The recent exhibition celebrating Roland Pope’s gift of his collection of books and paintings, 70 years ago, to the city of Newcastle has showcased the diverse interests and his careful taste. As we discover more about the founding benefactor of our Gallery, Dr Pope emerges as a modest and unassuming man whose significance in Australian history reaches far beyond the confines of this city.
The son of a successful Sydney business man, Pope qualified and practiced as an ophthalmologist in that specialty’s pioneering days. He played first class cricket, including Test appearances for Australia and Scotland, and accompanied the touring Australian team on numerous occasions in the 1920s and 1930s as medical advisor, and unofficially as a mentor to young cricketers and conciliator in team rivalries. Don Bradman referred to him as ” this highly cultured and delightful gentleman”.
Pope’s collection of books reflects his interest in art, music, ballet, ornithology, cricket, golf, cooking and much else besides. Like many collectors, he bought paintings to support and encourage talented artists as well to acquire works representative of the varied tastes and styles of the times. His gift to Newcastle was typical of his generous spirit and a vote of confidence in the city’s cultural and creative capacity.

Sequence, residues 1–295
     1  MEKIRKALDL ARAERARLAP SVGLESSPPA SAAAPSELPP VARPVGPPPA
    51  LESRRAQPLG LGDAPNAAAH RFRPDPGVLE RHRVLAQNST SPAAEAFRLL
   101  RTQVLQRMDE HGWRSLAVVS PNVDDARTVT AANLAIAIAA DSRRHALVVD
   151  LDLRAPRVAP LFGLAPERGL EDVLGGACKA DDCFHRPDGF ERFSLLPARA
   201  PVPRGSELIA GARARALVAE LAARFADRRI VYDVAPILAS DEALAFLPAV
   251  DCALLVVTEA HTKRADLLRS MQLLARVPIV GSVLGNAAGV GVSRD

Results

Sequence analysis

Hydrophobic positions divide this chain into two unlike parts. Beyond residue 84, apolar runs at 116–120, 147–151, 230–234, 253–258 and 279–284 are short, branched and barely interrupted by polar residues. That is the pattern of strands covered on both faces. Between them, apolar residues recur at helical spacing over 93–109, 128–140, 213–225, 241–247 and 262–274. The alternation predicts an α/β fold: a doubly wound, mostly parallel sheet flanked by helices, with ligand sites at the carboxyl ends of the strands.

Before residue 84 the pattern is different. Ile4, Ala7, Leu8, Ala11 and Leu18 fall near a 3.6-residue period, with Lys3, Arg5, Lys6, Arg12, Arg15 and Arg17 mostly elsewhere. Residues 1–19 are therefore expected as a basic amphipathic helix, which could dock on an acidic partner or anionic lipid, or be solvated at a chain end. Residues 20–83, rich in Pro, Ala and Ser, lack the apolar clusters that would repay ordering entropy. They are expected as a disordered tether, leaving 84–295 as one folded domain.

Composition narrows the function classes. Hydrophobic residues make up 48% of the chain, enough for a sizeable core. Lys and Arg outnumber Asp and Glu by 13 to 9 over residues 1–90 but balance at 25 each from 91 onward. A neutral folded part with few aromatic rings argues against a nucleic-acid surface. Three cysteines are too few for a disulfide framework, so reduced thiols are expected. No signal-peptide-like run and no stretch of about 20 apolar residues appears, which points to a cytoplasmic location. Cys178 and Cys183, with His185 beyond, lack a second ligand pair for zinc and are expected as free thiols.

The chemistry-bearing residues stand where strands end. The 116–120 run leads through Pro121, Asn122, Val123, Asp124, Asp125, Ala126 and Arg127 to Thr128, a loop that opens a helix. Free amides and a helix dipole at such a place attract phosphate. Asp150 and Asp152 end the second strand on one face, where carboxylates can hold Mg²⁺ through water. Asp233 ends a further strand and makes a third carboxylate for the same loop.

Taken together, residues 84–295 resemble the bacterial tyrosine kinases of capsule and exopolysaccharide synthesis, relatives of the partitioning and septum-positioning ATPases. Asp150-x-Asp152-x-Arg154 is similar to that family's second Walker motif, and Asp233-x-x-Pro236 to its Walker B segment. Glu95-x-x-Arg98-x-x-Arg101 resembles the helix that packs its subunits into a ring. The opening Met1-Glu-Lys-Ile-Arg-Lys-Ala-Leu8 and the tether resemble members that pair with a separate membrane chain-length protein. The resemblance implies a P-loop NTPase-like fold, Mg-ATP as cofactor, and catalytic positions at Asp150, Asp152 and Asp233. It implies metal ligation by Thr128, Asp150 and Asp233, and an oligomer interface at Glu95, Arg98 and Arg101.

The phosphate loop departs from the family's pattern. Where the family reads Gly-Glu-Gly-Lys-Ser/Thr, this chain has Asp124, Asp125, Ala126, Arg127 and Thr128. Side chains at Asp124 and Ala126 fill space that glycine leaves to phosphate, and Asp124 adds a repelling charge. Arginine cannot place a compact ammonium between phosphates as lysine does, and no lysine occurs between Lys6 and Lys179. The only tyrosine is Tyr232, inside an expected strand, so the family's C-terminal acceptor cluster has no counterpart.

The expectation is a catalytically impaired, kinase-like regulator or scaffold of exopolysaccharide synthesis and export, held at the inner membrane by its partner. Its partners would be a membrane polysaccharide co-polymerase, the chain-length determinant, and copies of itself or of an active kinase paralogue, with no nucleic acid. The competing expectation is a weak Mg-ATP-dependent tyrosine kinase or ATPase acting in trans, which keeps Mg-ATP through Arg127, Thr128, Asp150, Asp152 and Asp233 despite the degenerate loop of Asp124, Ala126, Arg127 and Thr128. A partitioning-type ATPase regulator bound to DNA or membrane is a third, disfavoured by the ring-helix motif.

The Foundation’s own tribute to Roland Pope’s gift recognised his dual passion for sport and art at Newcastle Golf Club on Friday, 23 October. Dr Pope was a keen golfer and with his brother provided the land for Manly Golf Club. More than 40 Foundation members and their guests played a nine-hole competition and were joined for dinner by 20 or so supporters who had enjoyed a private tour of the exhibition. Fitting winners were Ann and Rosss Hutchison of Manly Golf Club with local golfers Roland Hicks and Geoff Watt. They were presented with the Roland Pope Cup by great-grand-nephew Rodney Pope.
Honorary Foundation Archivist